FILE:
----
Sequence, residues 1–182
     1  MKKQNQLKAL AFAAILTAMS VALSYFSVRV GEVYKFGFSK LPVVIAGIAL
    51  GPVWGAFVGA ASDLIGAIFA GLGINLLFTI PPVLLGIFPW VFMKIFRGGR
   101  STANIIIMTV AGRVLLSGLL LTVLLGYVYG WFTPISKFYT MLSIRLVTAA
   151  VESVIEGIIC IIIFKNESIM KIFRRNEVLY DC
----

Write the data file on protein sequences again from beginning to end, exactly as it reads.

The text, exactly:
Sequence, residues 1–182
     1  MKKQNQLKAL AFAAILTAMS VALSYFSVRV GEVYKFGFSK LPVVIAGIAL
    51  GPVWGAFVGA ASDLIGAIFA GLGINLLFTI PPVLLGIFPW VFMKIFRGGR
   101  STANIIIMTV AGRVLLSGLL LTVLLGYVYG WFTPISKFYT MLSIRLVTAA
   151  VESVIEGIIC IIIFKNESIM KIFRRNEVLY DC